My travel last week falls in the latter category.
As posted here, here, here, here, and here, Candice and I have been on the road, seeing a variety of special places with friends and supporters of the National Trust. But because internet connections were slow-to-nonexistent on the road, I kept the posts short and to the point.
So this is my “bring it all home” post. I’ll give a short update of each stop, and then will post several new photos from that portion of the trip that weren’t included in the original updates.
Our first port was Porto, Portugal, a wonderful city with a historic center that has been designated a UNESCO World Heritage Site. It was a great kick-off, with a strong mix of monumental buildings and streets full of markets like the one at the top of the post. We saw the coffee shop where J.K. Rowling wrote the first chapters of Harry Potter and a beautiful stock exchange building that reflects Portugal’s one-time status as a world power.
The next day we were in Spain, visiting the great pilgrimage site at Santiago de Compostela. Steeples, plazas, and gargoyles filled my camera on this day.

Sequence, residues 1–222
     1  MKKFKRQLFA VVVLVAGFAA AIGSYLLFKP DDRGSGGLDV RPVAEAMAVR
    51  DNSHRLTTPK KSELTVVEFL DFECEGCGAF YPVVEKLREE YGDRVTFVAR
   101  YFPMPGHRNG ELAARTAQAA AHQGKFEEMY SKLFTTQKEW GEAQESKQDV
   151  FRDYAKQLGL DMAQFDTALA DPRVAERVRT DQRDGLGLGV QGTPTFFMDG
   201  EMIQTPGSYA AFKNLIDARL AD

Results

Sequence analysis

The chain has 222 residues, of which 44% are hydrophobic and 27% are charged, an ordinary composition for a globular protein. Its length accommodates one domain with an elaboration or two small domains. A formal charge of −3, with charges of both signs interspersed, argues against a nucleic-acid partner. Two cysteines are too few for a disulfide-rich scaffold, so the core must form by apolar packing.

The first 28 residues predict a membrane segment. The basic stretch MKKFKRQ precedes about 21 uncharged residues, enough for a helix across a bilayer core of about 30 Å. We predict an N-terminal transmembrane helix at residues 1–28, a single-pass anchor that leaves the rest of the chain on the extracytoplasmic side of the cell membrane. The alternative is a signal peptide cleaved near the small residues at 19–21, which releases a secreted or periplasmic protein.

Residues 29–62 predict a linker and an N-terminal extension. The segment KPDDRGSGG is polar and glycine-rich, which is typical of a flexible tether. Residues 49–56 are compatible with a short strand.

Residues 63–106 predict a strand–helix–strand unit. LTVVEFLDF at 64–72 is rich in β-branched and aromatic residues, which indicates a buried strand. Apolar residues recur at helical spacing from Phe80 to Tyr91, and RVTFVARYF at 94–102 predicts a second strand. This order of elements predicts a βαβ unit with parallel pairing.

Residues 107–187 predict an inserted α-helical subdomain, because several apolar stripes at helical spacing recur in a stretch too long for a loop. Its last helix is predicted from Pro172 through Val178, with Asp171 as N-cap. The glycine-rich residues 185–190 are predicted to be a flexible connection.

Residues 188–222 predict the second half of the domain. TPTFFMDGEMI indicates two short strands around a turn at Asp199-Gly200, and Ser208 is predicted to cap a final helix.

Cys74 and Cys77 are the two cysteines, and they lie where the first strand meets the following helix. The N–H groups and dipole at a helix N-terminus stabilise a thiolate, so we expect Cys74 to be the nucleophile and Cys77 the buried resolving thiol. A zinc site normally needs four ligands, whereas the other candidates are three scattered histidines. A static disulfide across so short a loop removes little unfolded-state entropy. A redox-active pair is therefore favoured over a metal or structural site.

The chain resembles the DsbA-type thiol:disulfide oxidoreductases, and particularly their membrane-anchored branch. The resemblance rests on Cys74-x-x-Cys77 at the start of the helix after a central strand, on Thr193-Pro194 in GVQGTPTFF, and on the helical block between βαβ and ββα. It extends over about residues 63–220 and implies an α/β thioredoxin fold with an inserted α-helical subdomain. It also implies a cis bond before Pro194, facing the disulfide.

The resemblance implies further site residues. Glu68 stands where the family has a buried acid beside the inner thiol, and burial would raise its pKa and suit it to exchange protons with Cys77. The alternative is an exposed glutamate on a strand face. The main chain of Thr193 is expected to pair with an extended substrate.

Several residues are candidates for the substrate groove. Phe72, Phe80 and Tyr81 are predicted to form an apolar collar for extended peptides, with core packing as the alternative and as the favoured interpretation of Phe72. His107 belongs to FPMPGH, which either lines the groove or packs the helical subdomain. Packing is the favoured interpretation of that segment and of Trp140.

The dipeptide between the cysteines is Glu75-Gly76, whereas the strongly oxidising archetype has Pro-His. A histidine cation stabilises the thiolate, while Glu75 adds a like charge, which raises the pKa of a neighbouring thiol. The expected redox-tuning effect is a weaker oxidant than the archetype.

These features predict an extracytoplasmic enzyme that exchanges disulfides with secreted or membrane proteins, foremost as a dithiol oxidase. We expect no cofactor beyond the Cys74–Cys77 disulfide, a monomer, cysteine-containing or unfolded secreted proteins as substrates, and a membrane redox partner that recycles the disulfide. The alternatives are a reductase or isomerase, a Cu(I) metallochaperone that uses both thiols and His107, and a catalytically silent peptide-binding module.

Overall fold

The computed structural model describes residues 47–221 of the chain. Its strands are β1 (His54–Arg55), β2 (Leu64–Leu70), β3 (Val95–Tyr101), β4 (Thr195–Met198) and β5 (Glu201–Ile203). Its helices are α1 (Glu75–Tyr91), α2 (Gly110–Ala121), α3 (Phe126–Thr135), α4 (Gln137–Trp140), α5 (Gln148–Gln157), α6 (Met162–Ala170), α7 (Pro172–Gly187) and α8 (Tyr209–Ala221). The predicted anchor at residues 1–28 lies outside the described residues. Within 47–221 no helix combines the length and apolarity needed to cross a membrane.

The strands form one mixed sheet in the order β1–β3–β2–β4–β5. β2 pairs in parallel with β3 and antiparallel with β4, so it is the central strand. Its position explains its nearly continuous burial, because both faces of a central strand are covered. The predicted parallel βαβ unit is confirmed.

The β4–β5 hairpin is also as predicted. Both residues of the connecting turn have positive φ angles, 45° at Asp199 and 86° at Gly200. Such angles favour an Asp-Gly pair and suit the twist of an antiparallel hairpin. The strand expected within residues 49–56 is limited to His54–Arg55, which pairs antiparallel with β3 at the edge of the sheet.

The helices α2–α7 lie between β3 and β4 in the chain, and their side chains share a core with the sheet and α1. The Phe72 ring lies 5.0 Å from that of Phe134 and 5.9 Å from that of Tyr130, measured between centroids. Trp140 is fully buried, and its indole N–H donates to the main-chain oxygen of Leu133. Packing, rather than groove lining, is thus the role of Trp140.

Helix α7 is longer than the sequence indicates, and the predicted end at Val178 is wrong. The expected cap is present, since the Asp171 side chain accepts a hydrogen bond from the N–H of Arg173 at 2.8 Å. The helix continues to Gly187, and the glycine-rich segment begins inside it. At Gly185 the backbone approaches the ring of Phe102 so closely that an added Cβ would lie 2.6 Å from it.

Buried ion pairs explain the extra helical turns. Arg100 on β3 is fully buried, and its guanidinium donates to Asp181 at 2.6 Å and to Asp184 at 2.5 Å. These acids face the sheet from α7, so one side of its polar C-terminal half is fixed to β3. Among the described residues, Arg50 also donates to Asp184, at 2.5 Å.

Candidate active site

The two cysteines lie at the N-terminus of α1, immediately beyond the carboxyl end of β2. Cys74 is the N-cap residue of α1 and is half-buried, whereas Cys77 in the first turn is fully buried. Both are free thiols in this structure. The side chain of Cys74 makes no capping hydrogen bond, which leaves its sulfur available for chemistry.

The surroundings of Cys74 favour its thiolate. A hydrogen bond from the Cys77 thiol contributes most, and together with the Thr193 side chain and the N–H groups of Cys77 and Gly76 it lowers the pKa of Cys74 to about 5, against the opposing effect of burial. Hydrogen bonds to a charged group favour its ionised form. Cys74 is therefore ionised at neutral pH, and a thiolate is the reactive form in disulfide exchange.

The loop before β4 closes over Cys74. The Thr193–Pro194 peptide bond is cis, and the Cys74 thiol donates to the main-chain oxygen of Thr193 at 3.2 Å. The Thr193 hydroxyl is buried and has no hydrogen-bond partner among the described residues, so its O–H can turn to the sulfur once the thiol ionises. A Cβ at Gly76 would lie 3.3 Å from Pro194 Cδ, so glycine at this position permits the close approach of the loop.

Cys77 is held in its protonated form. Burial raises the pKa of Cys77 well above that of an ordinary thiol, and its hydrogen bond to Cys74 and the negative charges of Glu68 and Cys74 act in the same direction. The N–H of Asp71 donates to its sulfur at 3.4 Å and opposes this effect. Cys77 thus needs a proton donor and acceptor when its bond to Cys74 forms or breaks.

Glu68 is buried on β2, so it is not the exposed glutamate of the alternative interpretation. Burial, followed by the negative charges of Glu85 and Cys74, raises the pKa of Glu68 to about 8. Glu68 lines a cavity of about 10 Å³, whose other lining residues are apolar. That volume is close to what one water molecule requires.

Bilbao’s transformation from gritty ship-building city to international arts destination was a revelation. We knew of the Guggenheim’s impact, but we weren’t ready for the blocks of historic buildings intermingled with the works of multiple modern masters. It was a glorious visit and one that we want to repeat with the entire family.
The next day we moved on to France, and the beautiful island of Belle-Ile. We toured the coasts where Monet painted, and explored the imposing Citadel that dominates the port.
In both Belle-Ile and Guernsey, our next stop, Candice and I loved the clustering of traditional houses which opened up the beautiful farmland and landscape. Our tour focused on the German occupation of the island during WWII, but our attention was drawn to the countryside and thought of how the U.S. – with some notable exceptions – has allowed development to eat up our open space. So I was pleased today when Andrew texted to say he would be working as an intern at the Coalition for Smart Growth this summer. When one sees places such as Belle-Ile and Guernsey, you see how much we’ve lost.
We ended our wonderful week in Normandy. My last post spoke of the emotional nature of any visit to the beaches and the American cemetery, and the depth of the sacrifices made on those fateful days some 69 years ago is still very present and powerful. The countryside of Normandy also speaks to the simple, hardworking lives that were turned upside down throughout the German occupation and the Allied invasion. It is a place one doesn’t soon forget.
It was a trip to remember, and we loved every minute as we were reminded how truly blessed we are. Thanks to all who made it possible.
More to come…